Incantation- Dirges of Elysium (Listenable Records)

This album is exactly what death metal needs: powerful riffs, dark atmosphere and palpable malfeasance.
Release Date: 
30 May 2014 (All day)

Incantation is a band that has an instantly recognisable sound and style. And on this release, they deliver pummelling examples of the Incantation song book. I have read other reviews of this album that have the words ‘slower’ and ‘doom filled’ peppered throughout. I’m not sure if these reviewers are familiar with Incantation, but I feel they have missed it completely.

Yes, Incantation do have slower passages, heck, even epic songs that wring the life out of the riffs. This is one of the reasons I like them, and why they are one of the most important bands in death metal. But they also turn on the speed, and Dirges Of Elysium has plenty of ferocious moments.

The album opens up with the ominous soundscape of the title track Dirges Of Elysium. This track builds the atmosphere of the album, and if you take notice, the closing track Elysium (and epic song of over 13 minutes) fades out in a similar manner, making for an effect of and endless cycle.

Debauchery then kicks in, and lets you know that Incantation have arrived! The vocals of the immortal John McEntee on this album are the deepest I’ve heard him do! It does cause flash backs to the original vocalist/guitarist Craig Pillard from the Onward to Golgotha, Mortal Throne Of Nazarene/Upon The Throne Of Apocalypse and Forsaken Mourning Of Angelic Anguish albums.

His guitar work, including the solos he throws in with bestial force, is trademark. As on all Incantation albums, there are some great moments with the two guitars playing separate parts, one a slow and methodical section, another faster, more technical part. Then the two sections collide to usher in a timing change or new song passage.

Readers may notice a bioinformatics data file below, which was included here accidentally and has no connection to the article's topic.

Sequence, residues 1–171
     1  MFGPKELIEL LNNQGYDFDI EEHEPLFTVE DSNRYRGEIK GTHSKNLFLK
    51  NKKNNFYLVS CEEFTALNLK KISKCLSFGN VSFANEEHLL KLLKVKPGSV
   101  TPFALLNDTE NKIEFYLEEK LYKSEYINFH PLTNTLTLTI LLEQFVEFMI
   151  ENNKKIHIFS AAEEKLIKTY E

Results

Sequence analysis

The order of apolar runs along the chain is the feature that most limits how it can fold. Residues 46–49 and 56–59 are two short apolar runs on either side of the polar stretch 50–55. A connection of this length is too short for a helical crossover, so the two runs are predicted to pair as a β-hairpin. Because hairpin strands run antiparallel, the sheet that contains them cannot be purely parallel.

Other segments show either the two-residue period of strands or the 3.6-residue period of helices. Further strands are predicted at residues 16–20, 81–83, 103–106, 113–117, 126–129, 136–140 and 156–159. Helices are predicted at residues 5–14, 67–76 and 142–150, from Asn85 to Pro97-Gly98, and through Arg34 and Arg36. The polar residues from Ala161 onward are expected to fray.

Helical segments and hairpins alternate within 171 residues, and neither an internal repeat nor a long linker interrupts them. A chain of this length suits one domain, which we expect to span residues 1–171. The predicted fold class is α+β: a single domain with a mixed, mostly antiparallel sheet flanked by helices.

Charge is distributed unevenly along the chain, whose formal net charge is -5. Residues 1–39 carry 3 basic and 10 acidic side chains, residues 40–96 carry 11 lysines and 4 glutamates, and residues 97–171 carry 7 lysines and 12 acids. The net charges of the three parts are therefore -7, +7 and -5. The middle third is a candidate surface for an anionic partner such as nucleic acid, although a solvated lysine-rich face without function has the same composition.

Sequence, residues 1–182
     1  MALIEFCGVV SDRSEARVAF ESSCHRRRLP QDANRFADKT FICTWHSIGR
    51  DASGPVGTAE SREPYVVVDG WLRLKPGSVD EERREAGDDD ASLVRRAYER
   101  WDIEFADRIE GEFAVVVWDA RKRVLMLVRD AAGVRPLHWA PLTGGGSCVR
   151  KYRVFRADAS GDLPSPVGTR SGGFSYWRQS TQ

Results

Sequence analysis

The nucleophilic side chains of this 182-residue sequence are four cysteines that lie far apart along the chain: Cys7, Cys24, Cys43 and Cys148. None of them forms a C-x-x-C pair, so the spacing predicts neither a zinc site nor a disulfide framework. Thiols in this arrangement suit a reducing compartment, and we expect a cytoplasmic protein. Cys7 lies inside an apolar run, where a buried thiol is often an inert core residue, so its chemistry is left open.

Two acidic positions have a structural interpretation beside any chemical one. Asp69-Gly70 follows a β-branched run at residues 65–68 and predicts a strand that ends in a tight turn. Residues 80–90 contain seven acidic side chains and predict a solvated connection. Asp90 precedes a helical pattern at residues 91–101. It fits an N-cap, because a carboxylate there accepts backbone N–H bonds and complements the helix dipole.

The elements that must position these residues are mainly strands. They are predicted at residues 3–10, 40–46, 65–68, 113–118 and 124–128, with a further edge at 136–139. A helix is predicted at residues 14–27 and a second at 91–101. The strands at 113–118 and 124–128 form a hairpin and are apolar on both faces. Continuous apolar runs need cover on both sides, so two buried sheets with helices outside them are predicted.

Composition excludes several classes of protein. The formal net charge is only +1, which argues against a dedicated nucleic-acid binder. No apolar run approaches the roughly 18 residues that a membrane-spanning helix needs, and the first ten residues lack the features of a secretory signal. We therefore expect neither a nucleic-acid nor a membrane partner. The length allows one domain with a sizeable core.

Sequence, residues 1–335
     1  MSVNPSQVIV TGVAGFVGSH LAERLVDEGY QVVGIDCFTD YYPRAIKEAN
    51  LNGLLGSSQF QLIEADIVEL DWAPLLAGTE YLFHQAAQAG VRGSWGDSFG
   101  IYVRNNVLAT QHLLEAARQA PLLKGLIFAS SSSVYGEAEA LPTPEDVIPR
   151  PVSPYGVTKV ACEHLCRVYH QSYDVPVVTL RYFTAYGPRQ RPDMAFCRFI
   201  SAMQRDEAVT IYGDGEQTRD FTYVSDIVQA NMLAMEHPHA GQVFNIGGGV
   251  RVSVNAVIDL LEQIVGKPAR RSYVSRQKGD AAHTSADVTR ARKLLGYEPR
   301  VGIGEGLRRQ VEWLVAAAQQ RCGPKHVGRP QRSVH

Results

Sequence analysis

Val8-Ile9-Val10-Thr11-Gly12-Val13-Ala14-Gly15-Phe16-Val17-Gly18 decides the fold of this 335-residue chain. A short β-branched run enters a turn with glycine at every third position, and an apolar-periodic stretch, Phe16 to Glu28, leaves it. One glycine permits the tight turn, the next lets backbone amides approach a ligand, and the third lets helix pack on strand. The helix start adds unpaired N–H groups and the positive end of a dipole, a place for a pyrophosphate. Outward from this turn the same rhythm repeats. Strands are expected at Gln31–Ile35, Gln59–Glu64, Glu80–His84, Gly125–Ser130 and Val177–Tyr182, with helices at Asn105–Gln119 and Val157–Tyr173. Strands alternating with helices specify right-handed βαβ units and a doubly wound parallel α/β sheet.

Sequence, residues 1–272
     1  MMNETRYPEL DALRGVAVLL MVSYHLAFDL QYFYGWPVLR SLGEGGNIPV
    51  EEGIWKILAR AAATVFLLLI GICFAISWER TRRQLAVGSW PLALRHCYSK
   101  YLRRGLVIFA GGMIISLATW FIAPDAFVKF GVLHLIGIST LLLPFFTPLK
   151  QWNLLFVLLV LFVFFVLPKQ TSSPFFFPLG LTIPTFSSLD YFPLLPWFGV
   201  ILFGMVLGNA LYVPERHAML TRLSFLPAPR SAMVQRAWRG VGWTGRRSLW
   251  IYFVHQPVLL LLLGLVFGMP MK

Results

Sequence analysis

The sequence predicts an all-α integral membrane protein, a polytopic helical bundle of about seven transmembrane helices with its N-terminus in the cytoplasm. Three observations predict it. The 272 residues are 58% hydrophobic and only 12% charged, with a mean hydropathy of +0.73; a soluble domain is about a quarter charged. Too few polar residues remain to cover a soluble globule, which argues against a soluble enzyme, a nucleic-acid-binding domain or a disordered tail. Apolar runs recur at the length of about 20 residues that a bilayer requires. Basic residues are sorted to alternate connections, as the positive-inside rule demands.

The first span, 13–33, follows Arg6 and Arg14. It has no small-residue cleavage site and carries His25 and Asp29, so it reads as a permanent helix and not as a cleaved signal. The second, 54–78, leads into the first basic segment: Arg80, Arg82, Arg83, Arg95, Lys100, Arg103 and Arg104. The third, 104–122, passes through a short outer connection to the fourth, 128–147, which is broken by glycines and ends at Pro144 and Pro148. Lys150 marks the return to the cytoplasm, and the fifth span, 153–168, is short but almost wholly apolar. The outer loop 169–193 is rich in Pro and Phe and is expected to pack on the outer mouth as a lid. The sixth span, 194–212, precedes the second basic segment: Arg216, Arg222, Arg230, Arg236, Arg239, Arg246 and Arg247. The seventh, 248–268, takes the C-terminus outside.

Some of the songs feature guitarist Alex Bouks, who appeared on the previous Vanquish In Vengeance album. And in keeping with Incantation history of a rotating band roster, new member Sonny Lombardozzi (who has played live with Incantation previously), shreds on the rest of this diabolical record.

From A Glaciate Womb is a killer track, and shows both ends of Incantations song writing skills. It starts off with a neck ripping (and Morticianesque) riff, and builds to a quick tempo change that jolts you into reality. The bass of Chuck Sherwood (who has written most of the lyrics on this album), twangs away in the subterranean realms. My only gripe, if it really matters, is that the bass is a tad quiet on this album, but it bursts through when it matters.

The drumming of Kyle Severn, in my opinion, has always been above par, and this album is no different. On this recording, he is well up in the mix, as he drives the songs forwards. On Carrion Prophesy his double bass work is beyond reproach.

This album is a must have for all Incantation fans, and for lovers of stripped back, no hold barred, death metal.